People rightly fear big government, believing that smaller jurisdictions give them more control over their well-being. But there is such a thing as being too small.
People in Utica and New Hartford need to have a voice in what goes on on both sides of their municipal boundary to effectively deal with sprawl, crime, pollution, storm water, and a myriad of other issues.
The public should ask itself: Why does that municipal boundary continue to exist?
Think about the answer to that question long enough, and we might learn some things about ourselves that we would not want to admit.
Thursday, April 23, 2009
A SLAPP In New Hartford???
While the Town alleges that employees have been intimidated, the Town admitted in an earlier OD article that "public safety was not in jeopardy." It is clear from Ms. Lawrence's blogpost "Using Scare Tactics," however, that it was she who felt intimidated.
Concerned Citizens has been in the forefront of getting New Hartford information out to the taxpayers and voters and exposing the workings of Town government, sometimes with embarrassing effectiveness. They forced public votes on issues that the Town Board rubber-stamped when they had a petition drive that successfully placed several bonding proposals on the ballot. They used legal processes when necessary to get the Town to "do the right thing," such as when they filed a Notice of Claim against the Stormwater Group, which forced its meetings to be opened to the public after a year behind closed doors.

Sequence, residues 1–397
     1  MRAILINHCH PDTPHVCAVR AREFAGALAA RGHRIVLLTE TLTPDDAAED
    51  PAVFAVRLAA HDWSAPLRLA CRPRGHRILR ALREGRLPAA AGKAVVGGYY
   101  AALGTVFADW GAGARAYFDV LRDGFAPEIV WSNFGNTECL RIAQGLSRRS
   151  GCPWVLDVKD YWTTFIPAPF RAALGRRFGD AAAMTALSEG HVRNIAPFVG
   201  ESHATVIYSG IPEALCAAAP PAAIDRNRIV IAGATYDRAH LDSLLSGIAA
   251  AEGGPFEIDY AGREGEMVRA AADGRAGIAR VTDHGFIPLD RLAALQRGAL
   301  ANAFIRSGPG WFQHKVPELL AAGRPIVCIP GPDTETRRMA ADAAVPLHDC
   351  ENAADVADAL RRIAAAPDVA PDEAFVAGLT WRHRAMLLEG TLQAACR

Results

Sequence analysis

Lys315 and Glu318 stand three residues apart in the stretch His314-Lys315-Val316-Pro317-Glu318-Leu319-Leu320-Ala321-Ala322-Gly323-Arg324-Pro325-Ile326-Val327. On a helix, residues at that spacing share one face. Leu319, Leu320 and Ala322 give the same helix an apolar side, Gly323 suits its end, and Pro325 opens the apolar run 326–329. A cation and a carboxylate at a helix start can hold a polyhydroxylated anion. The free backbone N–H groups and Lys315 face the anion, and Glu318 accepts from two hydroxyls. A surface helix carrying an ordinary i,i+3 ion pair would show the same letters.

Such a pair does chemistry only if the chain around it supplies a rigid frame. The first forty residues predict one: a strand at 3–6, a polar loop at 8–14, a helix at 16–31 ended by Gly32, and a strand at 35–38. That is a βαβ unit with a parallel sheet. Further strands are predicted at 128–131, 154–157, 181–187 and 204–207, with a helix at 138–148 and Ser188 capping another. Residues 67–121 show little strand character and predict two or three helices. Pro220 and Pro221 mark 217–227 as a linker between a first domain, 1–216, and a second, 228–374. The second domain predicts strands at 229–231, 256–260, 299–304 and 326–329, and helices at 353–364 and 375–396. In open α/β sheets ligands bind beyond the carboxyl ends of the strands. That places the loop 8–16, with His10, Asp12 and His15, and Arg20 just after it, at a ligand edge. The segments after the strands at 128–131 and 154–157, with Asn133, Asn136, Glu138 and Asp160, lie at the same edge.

In sum, Concerned Citizens has been a royal pain in New Hartford's governmental butt. . . But they were clearly working for the people, not themselves, because there is no personal gain from their activities.
The same cannot be said for Town Government. Meetings continue to be held behind closed doors, deals that appear to favor private interests continue to be made . . . and now retaliation may be in the offing.
If the Town files suit against these individuals, it would be a SLAPP -- A Strategic Lawsuit Against Public Participation -- per Wikipedia: